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MN Mark
MN Mark

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Failing First / Failing Fast

Failing First and Failing Fast

When writing new code I typically focus on the successful path first, and this seems to almost always result in terrible code. Terrible code on the first pass isn't really a problem, a brain dump into code usually produces bad code, at least for me. The important thing is that the brain dump code gets followed up on one or more times to simplify the logic. Too often those passes are months or even years later.

Example case is validating a Single-Sign-On (SSO) token in a cookie with Lua and Nginx.

My first pass included something like this:

code is simplified for illustration

function check_sso()
  local cookies = ngx.req.get_headers()['Cookie']
  if cookies then
    local token = cookies:match('sso_token=([^; ]+)')
    if token then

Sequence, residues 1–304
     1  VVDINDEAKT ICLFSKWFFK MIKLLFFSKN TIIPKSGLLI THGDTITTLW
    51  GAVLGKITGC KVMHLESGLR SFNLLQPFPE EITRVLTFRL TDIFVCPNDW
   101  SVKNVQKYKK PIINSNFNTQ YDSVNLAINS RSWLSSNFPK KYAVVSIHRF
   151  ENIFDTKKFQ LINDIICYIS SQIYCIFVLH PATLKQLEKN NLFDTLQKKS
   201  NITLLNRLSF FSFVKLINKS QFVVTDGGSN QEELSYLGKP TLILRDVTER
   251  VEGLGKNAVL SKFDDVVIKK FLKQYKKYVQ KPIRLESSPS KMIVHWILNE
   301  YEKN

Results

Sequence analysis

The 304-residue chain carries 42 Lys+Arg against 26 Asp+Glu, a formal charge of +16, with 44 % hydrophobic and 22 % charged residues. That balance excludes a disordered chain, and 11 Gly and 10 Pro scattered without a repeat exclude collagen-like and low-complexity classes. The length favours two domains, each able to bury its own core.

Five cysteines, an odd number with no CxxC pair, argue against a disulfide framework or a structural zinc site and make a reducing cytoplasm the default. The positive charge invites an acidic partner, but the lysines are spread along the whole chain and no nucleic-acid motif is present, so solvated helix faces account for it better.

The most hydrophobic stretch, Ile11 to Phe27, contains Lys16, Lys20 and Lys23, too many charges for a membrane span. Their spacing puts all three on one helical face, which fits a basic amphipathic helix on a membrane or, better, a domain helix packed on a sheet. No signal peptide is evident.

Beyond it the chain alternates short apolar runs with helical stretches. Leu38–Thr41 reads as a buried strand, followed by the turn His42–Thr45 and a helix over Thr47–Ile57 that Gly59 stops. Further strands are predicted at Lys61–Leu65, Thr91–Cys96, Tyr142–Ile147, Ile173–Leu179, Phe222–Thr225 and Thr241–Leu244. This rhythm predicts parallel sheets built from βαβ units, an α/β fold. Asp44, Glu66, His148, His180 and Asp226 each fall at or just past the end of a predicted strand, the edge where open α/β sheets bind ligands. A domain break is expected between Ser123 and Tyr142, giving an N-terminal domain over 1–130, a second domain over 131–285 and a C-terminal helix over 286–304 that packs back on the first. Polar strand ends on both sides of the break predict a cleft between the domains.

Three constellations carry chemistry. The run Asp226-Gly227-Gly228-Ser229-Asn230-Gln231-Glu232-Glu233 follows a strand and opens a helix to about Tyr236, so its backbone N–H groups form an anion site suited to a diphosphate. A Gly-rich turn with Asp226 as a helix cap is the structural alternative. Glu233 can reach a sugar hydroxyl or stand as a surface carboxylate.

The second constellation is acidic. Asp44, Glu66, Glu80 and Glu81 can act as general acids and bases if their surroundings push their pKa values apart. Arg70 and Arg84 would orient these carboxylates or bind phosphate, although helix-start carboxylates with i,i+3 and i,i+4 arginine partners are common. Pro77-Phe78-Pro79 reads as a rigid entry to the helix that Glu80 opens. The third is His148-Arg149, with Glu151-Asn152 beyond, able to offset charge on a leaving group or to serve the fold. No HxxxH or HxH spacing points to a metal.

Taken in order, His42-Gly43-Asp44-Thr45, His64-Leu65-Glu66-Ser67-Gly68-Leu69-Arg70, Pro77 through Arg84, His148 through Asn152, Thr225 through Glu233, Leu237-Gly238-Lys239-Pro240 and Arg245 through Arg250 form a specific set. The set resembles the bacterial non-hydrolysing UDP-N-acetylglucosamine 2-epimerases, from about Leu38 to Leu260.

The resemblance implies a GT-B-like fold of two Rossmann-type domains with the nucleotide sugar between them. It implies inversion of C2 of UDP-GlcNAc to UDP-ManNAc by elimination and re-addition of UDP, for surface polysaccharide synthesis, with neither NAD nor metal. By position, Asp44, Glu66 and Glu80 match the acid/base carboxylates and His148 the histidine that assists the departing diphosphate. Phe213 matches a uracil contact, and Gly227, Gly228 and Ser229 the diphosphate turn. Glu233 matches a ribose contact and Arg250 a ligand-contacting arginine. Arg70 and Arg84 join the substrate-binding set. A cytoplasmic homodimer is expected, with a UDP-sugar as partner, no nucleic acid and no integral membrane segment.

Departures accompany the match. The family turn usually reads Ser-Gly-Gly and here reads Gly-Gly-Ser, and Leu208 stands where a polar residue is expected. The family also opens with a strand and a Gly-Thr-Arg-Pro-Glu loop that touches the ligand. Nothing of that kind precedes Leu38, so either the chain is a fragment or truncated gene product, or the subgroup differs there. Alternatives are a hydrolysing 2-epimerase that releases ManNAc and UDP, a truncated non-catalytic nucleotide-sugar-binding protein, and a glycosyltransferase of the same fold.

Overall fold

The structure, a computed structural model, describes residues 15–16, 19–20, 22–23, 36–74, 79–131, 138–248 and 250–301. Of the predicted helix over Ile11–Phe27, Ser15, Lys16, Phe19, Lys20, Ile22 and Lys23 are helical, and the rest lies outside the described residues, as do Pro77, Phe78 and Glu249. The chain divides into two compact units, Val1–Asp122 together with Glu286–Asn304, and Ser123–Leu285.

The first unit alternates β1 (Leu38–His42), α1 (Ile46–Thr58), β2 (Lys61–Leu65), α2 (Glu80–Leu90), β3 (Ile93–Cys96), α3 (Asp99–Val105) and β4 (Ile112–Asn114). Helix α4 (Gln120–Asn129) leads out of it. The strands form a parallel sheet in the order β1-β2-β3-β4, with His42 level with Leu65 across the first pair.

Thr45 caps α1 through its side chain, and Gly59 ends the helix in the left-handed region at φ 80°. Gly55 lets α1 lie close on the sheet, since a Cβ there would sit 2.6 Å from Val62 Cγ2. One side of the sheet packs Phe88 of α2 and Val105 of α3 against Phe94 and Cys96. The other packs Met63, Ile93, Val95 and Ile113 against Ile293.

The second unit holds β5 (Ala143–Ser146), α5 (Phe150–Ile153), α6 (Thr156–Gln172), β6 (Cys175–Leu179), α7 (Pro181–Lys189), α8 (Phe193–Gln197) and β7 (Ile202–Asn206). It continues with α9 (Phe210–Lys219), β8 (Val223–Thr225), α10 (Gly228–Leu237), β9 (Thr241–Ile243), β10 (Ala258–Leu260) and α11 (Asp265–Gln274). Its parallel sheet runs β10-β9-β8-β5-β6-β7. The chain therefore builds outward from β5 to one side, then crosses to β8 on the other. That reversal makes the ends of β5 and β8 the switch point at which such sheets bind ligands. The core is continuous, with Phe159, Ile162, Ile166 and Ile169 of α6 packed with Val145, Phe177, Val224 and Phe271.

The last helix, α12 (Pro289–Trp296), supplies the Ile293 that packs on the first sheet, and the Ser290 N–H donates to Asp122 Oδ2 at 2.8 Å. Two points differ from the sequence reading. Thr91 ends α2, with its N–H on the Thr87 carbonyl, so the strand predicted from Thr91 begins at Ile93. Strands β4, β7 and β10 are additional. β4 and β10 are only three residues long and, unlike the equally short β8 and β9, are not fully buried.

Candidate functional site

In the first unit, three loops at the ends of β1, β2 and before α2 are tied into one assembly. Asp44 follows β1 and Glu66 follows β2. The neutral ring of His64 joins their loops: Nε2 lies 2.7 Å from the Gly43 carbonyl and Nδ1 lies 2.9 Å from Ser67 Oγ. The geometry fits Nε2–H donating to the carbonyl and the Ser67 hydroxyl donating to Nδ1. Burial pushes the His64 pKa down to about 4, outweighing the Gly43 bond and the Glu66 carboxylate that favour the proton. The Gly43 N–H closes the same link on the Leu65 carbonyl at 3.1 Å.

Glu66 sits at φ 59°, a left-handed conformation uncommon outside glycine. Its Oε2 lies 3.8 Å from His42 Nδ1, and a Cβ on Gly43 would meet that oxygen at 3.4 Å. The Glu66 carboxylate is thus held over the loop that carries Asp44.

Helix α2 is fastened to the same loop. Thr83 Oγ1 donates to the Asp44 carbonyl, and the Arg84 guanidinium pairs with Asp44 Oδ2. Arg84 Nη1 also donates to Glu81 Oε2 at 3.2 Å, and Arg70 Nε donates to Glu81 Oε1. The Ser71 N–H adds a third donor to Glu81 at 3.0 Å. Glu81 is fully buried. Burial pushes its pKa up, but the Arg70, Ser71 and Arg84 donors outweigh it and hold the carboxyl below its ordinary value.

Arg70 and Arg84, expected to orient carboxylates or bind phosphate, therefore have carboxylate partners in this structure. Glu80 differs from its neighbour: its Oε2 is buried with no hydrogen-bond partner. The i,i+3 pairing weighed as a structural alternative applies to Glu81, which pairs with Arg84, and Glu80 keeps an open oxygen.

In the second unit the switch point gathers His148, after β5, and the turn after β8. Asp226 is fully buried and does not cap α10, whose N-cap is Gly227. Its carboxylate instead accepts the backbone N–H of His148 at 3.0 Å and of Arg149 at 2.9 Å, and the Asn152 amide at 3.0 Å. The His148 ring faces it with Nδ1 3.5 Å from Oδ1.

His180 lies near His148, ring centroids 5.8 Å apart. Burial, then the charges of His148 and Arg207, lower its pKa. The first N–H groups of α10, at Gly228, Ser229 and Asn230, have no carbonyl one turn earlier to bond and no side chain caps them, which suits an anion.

local username = get_username_from_token(token)
      if username then
        if is_member_of(username, GROUP_NAME) then
          return true
        else
          ngx.log(ngx.WARN, username .. ' is not in group ' .. GROUP_NAME)
          return false
        end
      end
    end
  end
end

That follows a simple logic when you read through it, but it's hideous to look at and easy to lose your place in the nesting. The actual code with debug logging and token caching is worse due to the length of the nested blocks.

Consider what it looks like when we handle the failing side of the checks first:

function check_sso()
  local cookies = ngx.req.get_headers()['Cookie']
  if not cookies then
    return false
  end
  local token = cookies:match('sso_token=([^; ]+)')
  if not token then
    return false
  end
  local username = get_username_from_token(token)
  if not username then
    return false
  end
  if is_member_of(username, GROUP_NAME) then
    return true
  else
    ngx.log(ngx.WARN, username .. ' is not in group ' .. GROUP_NAME)
    return false
  end
end

Despite being more lines I find this version simpler and visually easier to read. When I come back to code written like this I find it much easier to modify and troubleshoot. Yet I still struggle to modify my thinking to use this type logic in the first place.

Anyone else have similar trouble with thought process differing from optimal code logic?

Does anyone disagree and think the first example is better or at least no worse than the second?

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